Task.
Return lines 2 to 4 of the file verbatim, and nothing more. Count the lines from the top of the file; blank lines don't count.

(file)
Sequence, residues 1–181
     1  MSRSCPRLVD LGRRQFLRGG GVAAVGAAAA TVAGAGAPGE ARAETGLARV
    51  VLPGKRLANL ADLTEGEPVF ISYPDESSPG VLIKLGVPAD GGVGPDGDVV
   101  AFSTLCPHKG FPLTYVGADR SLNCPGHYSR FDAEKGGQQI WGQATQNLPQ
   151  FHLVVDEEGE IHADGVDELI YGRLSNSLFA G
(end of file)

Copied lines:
     1  MSRSCPRLVD LGRRQFLRGG GVAAVGAAAA TVAGAGAPGE ARAETGLARV
    51  VLPGKRLANL ADLTEGEPVF ISYPDESSPG VLIKLGVPAD GGVGPDGDVV
   101  AFSTLCPHKG FPLTYVGADR SLNCPGHYSR FDAEKGGQQI WGQATQNLPQ